Geology 454, our 6-week, 6-credit hour field geology course has been taught annually since 1970. We require this course of our B.S. degree candidates, and at the same time welcome applications from geology majors at other institutions. During most summers, about half of the class consists of students from colleges and universities across the nation. The instructional staff typically comprises from two to three full-time faculty members and one or two graduate Teaching Assistants. Course registration is normally limited to no more than 48 students.
The main goal of the field camp faculty is to teach people how to operate safely and efficiently as field geologists. We do a lot of instructing on the outcrop and conduct nine separate field exercises that range from one to five days in duration. Most projects include geological mapping and require the completion of one or more cross-sections.
The class spends about 60% of the summer at the Yellowstone-Bighorn Research Association (YBRA) field station near Red Lodge, Montana (www.ybra.org). Its excellent permanent facilities include cabins, wash houses, study halls, and a lodge/dining room - home of outstanding family-style meals. We also work out of the University of Montana-Western (UM-W) at Dillon for seven days. Camping is limited to about 11 days during road trips.
View to the northwest along the Beartooth Front from the YBRA field station. The Lodge is in the distant foreground.
Why take a course in field geology?
Well, maybe your department, a grad school, or a future employer requires you to take one. If not, there are still good reasons to have a summer field course under your academic belt. Field geology offers students the opportunity to apply what has been learned in the classroom to real geological problems. Unless you already have fairly extensive field experience you should emerge from the course with a much deeper and more realistic appreciation of problems attending the collection, analysis, interpretation, and synthesis of geological information.
In the field, rocks look different than they do in textbooks or on lab benches. A valuable aspect of the field course is practice in approaching an outcrop and knowing what to do next. Even an incorrect solution to a field problem or a faulty interpretation of a geological event is of value because it prepares the way for a better solution or interpretation next time. As you get better at your job through practice, you gain confidence in your abilities. For this reason, a field course must stress individual effort and personal initiative. Students usually work in teams, primarily for safety, and we all realize that a good deal of learning can be derived from discussing ideas with classmates. But it is your own interpretation of the geology, developed from your own investigation, that will be of most value.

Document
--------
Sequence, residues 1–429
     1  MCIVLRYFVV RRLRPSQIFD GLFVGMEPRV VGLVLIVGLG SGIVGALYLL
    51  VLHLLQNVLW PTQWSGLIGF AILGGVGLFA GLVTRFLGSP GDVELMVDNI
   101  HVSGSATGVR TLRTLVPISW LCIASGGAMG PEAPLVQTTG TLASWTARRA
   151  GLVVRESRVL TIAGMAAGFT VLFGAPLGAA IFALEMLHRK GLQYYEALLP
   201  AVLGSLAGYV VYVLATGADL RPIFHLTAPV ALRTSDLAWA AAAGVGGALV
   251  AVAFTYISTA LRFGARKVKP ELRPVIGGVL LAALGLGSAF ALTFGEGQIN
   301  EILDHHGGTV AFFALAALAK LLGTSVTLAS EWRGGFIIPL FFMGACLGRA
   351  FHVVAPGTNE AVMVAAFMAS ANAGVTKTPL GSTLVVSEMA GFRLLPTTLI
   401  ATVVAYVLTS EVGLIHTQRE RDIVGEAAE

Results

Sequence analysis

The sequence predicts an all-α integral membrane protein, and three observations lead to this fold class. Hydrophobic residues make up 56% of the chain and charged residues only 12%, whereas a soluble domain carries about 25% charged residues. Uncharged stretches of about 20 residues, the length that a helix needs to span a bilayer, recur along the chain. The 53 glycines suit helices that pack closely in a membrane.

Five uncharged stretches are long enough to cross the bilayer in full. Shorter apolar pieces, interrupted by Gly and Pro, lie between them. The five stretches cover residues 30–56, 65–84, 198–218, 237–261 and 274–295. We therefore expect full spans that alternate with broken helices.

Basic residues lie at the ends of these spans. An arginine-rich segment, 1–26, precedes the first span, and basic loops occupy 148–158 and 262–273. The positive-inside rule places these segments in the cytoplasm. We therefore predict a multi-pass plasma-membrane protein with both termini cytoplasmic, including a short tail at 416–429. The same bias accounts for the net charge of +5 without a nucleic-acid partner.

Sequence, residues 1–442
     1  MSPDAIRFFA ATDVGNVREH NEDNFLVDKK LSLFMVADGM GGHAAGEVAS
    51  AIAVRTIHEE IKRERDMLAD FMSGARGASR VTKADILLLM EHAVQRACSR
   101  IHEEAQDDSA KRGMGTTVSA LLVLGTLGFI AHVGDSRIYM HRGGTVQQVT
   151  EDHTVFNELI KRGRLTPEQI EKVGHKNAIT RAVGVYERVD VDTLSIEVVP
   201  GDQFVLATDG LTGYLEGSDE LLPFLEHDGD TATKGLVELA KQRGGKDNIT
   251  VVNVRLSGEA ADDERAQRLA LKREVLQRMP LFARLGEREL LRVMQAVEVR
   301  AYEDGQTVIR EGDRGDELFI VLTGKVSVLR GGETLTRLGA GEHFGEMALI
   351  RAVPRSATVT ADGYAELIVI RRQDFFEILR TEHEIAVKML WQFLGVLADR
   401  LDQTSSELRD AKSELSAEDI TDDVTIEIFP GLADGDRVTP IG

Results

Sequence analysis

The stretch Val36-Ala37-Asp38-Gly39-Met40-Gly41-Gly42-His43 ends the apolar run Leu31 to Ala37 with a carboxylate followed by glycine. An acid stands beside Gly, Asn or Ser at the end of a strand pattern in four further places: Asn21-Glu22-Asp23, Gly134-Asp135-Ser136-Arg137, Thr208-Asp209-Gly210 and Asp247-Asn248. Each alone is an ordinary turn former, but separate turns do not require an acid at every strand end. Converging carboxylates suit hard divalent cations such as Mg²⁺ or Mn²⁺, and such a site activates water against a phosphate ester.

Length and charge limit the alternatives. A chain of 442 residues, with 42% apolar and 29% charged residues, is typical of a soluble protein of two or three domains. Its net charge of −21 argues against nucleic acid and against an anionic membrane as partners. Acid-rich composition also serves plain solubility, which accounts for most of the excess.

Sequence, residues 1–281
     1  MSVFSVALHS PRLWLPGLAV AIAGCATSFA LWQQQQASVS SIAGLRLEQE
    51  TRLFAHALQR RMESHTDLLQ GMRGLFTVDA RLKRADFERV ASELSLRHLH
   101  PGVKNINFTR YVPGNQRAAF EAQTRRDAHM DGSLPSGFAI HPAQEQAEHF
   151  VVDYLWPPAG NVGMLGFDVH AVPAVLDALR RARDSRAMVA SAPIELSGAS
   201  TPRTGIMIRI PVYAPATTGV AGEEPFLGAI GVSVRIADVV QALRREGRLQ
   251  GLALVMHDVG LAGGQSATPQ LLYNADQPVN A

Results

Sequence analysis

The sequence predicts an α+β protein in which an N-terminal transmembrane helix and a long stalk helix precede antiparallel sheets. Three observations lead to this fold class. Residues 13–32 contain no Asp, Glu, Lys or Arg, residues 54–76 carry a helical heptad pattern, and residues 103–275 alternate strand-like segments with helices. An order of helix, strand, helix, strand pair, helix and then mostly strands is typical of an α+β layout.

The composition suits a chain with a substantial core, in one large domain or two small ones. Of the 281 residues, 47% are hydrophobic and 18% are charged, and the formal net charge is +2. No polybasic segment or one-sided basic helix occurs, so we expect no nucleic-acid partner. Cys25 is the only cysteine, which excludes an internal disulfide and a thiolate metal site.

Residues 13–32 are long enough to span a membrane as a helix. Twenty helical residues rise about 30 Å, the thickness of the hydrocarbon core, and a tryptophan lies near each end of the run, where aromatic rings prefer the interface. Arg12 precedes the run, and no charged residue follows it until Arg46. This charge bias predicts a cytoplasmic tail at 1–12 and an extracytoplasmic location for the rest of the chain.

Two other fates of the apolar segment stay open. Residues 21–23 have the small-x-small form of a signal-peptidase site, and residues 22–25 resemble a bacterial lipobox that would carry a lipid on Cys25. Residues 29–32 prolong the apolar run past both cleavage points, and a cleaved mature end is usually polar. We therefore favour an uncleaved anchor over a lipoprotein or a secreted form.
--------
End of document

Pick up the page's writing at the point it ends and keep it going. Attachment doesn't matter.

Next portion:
What are the prerequisites?
Participants must have completed courses in physical and historical geology, igneous and metamorphic petrology, structural geology, and stratigraphy. Course experience in sedimentology and geomorphology is recommended but not required. Most students take our field course between the third and fourth (junior and senior) years or during the final summer prior to graduation.
We work in - and see - a lot of great geology
From our Red Lodge and Dillon headquarters we map in Archean to Cenozoic material ranging from high-rank metasediments and ultramafics to marine and terrestrial sedimentary rocks. Map areas around Red Lodge best illustrate Laramide thick-skinned structural styles, whereas those around Dillon emphasize classic thin-skin tectonic style. We reconstruct Pleistocene glacial events from our own field maps, interpret stream capture sequences along the Beartooth Front, and apply first-hand observation to depositional problems in the Bighorn Basin. On a major excursion from Red Lodge, we travel through Yellowstone National Park, up the west side of the Sawtooth Mountains into Glacier National Park, and return to Red Lodge across the western edge of the northern plains.
Sun River Canyon, Sawtooth Mountains, Montana. This area is characterized by thin-skinned thrust faulting and valley glaciation